Osteoarthritis of the Foot and Ankle

What it feels like, why it occurs, and how it's treated

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Osteoarthritis can affect joints in any part of the body, including the ankle and foot. Early diagnosis and treatment help people with foot osteoarthritis manage their symptoms.

This article discusses osteoarthritis foot and ankle pain, what it feels like, and how it is diagnosed. It also discusses treatment options for helping ease foot pain.

A woman massaging her sore foot
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Symptoms of Foot and Ankle Osteoarthritis

What osteoarthritis foot and ankle pain feels like differs depending on what specific areas it affects.

There are 28 bones and more than 30 joints in the human foot. The foot joints that are most commonly affected by osteoarthritis include:

  • The ankle (tibiotalar joint)
  • The three joints of the hindfoot (talocalcaneal joint, talonavicular joint, calcaneocuboid joint)
  • The midfoot (metatarsocunieform joint)
  • The great toe (first metatarsophalangeal joint)
  • The lesser toes, when they have a hammertoe deformity

Many people experience stiffness as well as pain from osteoarthritis. The affected joint may feel like it needs to be cracked or that it feels out of joint, but popping the joint does not relieve the sensation.

The usual symptoms associated with foot osteoarthritis include:

  • Pain and stiffness in the affected foot
  • Swelling near the affected joint
  • Limited range of motion
  • Difficulty walking (it may hurt to walk or bear weight on the affected foot)
  • Bony protrusions (spurs)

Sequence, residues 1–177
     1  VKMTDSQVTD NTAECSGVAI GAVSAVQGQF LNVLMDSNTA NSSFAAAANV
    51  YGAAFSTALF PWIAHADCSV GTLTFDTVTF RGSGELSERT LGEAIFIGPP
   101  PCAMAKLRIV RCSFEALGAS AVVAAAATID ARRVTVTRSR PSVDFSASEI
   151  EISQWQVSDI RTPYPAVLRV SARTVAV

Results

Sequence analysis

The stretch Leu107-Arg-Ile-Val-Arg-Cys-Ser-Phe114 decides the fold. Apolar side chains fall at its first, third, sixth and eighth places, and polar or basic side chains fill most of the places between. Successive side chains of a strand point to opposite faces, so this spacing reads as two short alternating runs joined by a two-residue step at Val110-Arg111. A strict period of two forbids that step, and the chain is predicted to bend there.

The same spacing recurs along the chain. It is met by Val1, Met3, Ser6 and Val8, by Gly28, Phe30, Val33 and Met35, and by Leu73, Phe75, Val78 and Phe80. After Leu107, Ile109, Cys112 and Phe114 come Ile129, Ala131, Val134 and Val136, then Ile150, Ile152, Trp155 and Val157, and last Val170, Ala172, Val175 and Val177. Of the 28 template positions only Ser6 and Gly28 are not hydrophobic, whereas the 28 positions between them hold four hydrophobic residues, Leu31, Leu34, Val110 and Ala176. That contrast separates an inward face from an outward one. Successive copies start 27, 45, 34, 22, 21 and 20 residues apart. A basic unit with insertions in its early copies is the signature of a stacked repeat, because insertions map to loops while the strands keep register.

Osteoarthritis is a degenerative joint disease. Cartilage, which serves as a protective cover and cushion for the ends of the bones that form a joint, gradually wears down. This is due to mechanical wear and tear on the joints of the foot.

Injury can also cause osteoarthritis to develop even years after the injury has occurred. Severe sprains or fractures can lead to osteoarthritis.

Consequently, abnormal foot structure and abnormal foot mechanics can also cause osteoarthritis to develop. People with flat feet or high arches are at greater risk for developing foot osteoarthritis.


When diagnosing foot osteoarthritis, your healthcare provider must differentiate osteoarthritis from other types of arthritis. The practitioner will consider your medical history and your description of the symptoms. The healthcare provider will ask questions that will help to formulate your diagnosis, such as:

  • When did the pain start?
  • Is the pain continuous or does it come and go?
  • Have you injured the foot? If yes, when and how was it treated?
  • Are the symptoms worse at night or following weight-bearing activity (i.e., walking, running)?
  • Are the symptoms associated with one or both feet?

Your healthcare provider will also perform a physical examination. Your foot will be examined for swelling, bone spurs or other deformities, limited range of motion, and pain that occurs with movement. A gait analysis may be performed to evaluate your stride while walking and the strength of your feet.